Studying methane in the Mars atmosphere using SOIR-NOMAD

Vandaele, Ann Carine; Drummond, R.J.; Daerden, F.; Neefs, E.; Lopez-Moreno, J.; Bellucci, G. and Patel, M. (2010). Studying methane in the Mars atmosphere using SOIR-NOMAD. In: American Astronomical Society, DPS meeting #42, 3-8 Oct 2010, Pasedena, CA, US.



SOIR-NOMAD is a spectrometer suite capable of solar-occultation, limb and nadir observations in the UV-Visible-IR wavelengths (0.2-0.65 and 2.3-4.2 micron). It builds on the heritage of SOIR from Venus Express and UVIS from the ExoMars lander (both ESA missions). The wide spectral range allows detection of many trace species, such as CH4, CO2, CO, H2O, NO2 N2O, O3, C2H2, C2H4, C2H6, H2CO, HCN, OCS, SO2, HCl, HO2, H2S and isotopologues including those of CH4 and H2O. Methane will be constrained to sub parts per billions in occultation and mapped at parts per billion levels (column fraction) in nadir; allowing identification of source regions. This instrument suite will also characterize dust and ice aerosols and clouds.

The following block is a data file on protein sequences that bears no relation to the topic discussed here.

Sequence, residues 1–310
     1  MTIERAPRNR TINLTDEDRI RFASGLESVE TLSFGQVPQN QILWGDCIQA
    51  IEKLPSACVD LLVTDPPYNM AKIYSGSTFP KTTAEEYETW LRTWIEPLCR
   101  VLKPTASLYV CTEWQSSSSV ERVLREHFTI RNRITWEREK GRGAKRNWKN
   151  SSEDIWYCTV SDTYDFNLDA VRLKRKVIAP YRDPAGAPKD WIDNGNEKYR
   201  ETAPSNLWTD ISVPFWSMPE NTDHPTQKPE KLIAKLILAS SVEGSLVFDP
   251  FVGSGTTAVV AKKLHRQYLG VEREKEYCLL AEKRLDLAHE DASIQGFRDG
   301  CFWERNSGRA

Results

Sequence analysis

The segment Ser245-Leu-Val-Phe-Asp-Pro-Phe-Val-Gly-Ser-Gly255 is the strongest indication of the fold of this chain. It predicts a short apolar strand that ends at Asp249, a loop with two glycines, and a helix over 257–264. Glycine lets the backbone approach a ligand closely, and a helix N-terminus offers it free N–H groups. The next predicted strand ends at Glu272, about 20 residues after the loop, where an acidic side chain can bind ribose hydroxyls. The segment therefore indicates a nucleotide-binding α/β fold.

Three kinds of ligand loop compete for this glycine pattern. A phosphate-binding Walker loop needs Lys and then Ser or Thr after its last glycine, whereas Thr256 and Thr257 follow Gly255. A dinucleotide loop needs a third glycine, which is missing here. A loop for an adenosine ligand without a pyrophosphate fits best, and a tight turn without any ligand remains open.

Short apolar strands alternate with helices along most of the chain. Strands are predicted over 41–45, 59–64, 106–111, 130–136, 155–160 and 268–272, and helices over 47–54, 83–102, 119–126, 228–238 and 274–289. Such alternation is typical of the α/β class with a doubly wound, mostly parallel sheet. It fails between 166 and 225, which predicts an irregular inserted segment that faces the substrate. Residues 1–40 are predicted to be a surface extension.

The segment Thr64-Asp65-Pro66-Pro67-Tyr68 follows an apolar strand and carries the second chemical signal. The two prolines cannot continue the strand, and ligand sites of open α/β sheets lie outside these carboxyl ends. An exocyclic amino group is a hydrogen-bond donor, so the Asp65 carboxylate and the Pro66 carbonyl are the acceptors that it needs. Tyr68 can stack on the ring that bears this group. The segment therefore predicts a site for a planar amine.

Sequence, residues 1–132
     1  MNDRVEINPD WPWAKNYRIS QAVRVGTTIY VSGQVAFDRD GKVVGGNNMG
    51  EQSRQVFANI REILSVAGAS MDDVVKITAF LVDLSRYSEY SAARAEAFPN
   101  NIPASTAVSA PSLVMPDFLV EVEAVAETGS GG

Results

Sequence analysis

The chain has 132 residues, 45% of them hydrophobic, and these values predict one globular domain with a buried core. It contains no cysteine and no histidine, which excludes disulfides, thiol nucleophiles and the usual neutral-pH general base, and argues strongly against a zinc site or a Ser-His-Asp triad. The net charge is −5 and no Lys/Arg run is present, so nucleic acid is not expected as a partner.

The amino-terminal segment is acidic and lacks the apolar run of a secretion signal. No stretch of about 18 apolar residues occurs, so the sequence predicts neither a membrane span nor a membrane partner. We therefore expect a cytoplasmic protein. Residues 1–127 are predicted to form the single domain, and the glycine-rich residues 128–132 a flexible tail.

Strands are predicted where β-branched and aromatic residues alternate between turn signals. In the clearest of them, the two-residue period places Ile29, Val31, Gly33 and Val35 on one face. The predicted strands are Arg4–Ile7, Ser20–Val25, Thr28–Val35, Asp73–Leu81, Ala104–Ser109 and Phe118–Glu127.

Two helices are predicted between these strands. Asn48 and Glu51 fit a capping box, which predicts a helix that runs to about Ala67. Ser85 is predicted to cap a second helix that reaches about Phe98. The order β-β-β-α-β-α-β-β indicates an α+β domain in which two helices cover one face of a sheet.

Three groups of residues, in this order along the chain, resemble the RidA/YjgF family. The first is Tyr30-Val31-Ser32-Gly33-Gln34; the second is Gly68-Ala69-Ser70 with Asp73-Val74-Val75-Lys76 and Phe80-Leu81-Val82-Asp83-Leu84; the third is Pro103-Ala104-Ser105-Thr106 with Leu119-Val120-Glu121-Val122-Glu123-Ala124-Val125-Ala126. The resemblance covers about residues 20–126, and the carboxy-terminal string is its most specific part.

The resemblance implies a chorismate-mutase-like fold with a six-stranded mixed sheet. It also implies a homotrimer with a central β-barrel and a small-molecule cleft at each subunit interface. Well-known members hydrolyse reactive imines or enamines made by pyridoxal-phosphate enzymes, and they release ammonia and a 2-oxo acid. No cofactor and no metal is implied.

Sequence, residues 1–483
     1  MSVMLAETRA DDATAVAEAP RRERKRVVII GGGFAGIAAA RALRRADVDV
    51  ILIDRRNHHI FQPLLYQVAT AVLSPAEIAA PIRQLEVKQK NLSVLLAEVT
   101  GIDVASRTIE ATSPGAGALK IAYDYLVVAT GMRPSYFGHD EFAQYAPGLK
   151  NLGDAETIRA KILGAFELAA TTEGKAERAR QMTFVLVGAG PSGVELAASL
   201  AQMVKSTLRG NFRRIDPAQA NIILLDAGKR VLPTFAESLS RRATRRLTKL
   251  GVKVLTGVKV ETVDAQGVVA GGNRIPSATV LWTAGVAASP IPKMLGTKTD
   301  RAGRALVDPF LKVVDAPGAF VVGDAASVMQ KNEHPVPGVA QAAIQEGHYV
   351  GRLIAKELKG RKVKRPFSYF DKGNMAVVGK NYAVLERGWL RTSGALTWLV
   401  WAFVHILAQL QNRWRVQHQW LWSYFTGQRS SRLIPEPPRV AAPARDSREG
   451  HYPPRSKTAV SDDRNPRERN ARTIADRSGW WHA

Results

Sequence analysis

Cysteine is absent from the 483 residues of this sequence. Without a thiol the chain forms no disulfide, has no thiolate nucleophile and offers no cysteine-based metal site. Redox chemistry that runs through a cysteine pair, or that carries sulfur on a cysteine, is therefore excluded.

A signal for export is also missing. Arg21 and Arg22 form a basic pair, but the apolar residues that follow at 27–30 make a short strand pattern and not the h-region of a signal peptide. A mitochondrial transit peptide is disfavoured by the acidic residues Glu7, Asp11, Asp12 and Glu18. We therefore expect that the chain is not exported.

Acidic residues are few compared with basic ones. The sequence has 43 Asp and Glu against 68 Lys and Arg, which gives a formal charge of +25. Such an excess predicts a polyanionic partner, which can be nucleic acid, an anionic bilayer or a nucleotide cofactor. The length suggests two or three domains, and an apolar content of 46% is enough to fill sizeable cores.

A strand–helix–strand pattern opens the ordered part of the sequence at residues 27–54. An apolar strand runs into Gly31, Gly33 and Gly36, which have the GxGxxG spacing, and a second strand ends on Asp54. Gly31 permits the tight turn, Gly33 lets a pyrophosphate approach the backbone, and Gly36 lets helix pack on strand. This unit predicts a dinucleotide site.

We will present each of the channels of the SOIR-NOMAD instrument, their characteristics and capabilities, including detection limits for species important to the deeper understanding of the Martian atmosphere. We will present simulations of spectra that could be measured at Mars as well as showing the predicted coverage from the expected TGO orbit.

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